(Note: This is a reprint of a poem I published years ago in Licking River Review. Not sure why, but I’ve been thinking about my long-gone friend Cheryl, who died when we were ten. The poem also appears on jamesrichardstewart.com.”)
When they took your leg I understood.
It was your hand I wanted to hold,
for no reason other than to quiet
the strange bird in my chest.
Your gray house was on the corner
where we’d catch both frogs and the bus to school.
After healing you came to our house to swim and
everyone looked away while you hopped in.
I put on my mask and went under the water
so I could stare at how your short leg
ended without anyone watching me.
You made sure I got a good look
from both sides as you sat on the steps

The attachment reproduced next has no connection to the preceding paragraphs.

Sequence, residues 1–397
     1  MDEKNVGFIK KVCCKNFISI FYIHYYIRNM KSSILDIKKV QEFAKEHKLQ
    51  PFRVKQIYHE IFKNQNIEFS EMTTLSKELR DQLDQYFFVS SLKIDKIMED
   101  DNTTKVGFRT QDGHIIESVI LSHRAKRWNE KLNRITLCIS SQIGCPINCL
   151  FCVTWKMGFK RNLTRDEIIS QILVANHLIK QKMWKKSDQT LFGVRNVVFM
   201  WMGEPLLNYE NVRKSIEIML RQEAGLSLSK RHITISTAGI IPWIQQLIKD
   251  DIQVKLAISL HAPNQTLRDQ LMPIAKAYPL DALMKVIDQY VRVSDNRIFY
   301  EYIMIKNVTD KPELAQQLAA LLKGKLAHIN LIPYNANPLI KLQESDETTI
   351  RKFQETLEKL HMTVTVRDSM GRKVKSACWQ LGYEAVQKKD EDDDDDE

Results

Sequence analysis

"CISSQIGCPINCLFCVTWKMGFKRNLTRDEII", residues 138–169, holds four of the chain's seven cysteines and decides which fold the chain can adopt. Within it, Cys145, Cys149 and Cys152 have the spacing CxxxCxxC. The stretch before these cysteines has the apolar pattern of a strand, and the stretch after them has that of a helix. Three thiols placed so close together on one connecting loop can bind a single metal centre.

in the dancing turquoise shallows.
A ridge had formed where your skin
was gathered and folded.
Your bathing suit was blue.
When I heard later that they
hadn’t got it all I cursed god
and waited defiantly for lightning to strike.
You were gone before we turned eleven.
I saw you late in that tenth summer
being wheeled around
our loop road and even though
it was your mother at your back
it took me two short breaths to see you
in those wrapped bones hunched there with
abandoned hair staring at something I could not see.
I was on my way to that swampy little creek.
Our eyes met and you were embarrassed.
I became your mirror.
I wanted to tell you that I was after frogs,
but your mom gave just the slightest
shake of her head and sadly smiled for you.
The next time I get back East
I’ll drive to the cemetery and stand in
that arc of pine and oak and maple.
I know I can find you as soon as I
get used to how the trees have grown.
I will catch a frog and let her go
and for me too.